The Indiana State
Department of Health (ISDH) is urging Indiana residents to take steps to
protect themselves from mosquito bites as the state begins to see West Nile
virus activity in mosquitoes.
As of June 27,
mosquitoes in Elkhart County and Carroll County have tested positive for
West Nile virus. No human cases of West Nile virus disease have been
detected in 2018, but ISDH expects to continue to see increased West Nile
activity throughout the state as the mosquito season progresses.
“We see cases of
West Nile virus disease in Indiana every year,” State Health Commissioner
Kris Box said. “When we find evidence of the virus in multiple counties,
that means the risk is starting to increase statewide. Hoosiers in every
county should be taking precautions against mosquito-borne diseases.”
officials recommend the following preventive measures:
* Avoid being
outdoors when mosquitoes are active (especially late afternoon, dusk to dawn
and early morning).
* Apply an
EPA-registered insect repellent containing DEET, picaridin, IR3535, oil of
lemon eucalyptus or para-menthane-diol to clothes and exposed skin.
* Cover exposed
skin by wearing a hat, long sleeves and long pants in places where
mosquitoes are especially active, such as wooded areas.
* Install or repair
screens on windows and doors to keep mosquitoes out of the home.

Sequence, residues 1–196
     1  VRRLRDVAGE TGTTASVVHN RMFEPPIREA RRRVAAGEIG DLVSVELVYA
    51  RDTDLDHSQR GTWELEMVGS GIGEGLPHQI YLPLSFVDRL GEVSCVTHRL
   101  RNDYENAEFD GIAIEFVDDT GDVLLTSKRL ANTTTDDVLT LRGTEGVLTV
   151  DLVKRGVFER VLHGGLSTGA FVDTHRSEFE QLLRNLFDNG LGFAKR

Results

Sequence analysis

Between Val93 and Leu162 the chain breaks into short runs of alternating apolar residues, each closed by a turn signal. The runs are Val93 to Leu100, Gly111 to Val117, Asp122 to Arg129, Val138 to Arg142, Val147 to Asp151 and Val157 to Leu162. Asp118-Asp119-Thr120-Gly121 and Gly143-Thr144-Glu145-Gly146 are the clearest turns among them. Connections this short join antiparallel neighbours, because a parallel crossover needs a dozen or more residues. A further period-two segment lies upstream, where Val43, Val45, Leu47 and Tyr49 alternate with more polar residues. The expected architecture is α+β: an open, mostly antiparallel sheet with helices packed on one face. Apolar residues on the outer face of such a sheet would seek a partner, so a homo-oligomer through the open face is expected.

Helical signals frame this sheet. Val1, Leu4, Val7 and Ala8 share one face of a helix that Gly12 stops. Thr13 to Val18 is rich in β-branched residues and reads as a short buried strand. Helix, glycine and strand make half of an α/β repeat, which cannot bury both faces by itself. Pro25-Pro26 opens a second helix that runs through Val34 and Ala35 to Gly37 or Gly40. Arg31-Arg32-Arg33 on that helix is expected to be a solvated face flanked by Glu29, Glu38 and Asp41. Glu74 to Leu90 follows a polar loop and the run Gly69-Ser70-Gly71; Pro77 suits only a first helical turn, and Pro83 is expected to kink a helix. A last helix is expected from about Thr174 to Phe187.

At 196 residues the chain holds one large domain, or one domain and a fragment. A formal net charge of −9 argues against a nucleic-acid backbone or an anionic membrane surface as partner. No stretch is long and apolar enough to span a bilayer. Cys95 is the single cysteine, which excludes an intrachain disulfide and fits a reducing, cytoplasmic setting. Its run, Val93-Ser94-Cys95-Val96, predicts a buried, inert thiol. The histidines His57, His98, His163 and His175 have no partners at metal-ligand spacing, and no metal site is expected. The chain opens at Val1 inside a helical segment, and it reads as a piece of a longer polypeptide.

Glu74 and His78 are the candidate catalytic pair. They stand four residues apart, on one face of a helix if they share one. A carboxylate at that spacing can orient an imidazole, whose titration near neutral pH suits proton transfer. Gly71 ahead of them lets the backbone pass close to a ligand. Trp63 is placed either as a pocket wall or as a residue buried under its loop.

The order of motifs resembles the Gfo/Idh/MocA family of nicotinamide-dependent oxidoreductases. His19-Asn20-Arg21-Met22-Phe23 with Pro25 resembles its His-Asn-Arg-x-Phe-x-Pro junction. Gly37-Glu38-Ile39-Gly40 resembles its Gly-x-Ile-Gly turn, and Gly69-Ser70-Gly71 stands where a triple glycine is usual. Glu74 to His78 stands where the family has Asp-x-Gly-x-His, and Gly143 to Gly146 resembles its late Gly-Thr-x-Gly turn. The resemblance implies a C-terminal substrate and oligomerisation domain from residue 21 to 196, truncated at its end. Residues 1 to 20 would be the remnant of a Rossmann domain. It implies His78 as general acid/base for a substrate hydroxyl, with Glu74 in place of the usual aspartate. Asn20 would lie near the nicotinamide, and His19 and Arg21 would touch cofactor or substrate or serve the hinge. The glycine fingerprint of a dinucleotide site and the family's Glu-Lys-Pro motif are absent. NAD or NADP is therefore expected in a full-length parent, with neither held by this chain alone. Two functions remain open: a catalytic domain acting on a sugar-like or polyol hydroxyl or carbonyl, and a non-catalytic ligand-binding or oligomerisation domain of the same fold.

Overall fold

Even a container as
small as a bottle cap can become a mosquito breeding ground, so residents
should take the following steps to eliminate potential breeding grounds:
* Discard old
tires, tin cans, ceramic pots or other containers that can hold water.
* Repair failed
* Drill holes in
the bottom of recycling containers left outdoors.
* Keep grass cut
short and shrubbery trimmed.
* Clean clogged
roof gutters, particularly if leaves tend to plug up the drains.
replace the water in pet bowls.
* Flush ornamental
fountains and birdbaths periodically.
* Aerate ornamental
pools, or stock them with predatory fish.
West Nile virus can
cause West Nile fever, a mild form of the illness, which can include fever,
headache, body aches, swollen lymph glands or a rash. Some people will
develop a more severe form of the disease affecting the nervous system,
including inflammation in the brain and spinal cord, muscle paralysis or
even death. People who think they may have West Nile virus should see their